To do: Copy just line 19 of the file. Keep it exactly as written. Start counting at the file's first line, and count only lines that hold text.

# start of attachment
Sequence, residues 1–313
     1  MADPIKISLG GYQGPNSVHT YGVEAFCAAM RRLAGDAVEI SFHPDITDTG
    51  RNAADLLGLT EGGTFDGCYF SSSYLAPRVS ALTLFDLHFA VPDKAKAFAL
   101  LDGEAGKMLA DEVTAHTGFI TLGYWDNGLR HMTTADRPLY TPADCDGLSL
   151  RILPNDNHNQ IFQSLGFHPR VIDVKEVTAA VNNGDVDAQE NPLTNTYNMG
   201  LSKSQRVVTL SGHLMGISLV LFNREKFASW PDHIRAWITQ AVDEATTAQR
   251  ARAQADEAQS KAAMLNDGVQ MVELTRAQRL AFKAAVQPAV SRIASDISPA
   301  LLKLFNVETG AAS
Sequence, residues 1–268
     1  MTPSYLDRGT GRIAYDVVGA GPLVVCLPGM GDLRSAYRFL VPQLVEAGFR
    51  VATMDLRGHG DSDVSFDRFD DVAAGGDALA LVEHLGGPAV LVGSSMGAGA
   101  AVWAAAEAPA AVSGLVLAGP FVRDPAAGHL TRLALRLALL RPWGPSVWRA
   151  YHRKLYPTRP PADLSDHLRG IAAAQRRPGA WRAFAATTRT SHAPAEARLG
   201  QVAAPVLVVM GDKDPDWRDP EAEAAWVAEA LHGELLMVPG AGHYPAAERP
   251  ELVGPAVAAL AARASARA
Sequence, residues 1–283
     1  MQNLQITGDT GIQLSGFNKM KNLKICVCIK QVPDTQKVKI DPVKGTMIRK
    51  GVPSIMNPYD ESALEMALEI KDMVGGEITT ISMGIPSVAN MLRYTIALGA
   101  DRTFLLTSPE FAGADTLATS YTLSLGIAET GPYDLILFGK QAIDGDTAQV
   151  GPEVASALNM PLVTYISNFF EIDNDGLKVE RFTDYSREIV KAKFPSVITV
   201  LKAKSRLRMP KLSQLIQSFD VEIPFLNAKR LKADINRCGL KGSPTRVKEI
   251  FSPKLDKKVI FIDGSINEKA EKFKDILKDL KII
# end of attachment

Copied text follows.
   101  DRTFLLTSPE FAGADTLATS YTLSLGIAET GPYDLILFGK QAIDGDTAQV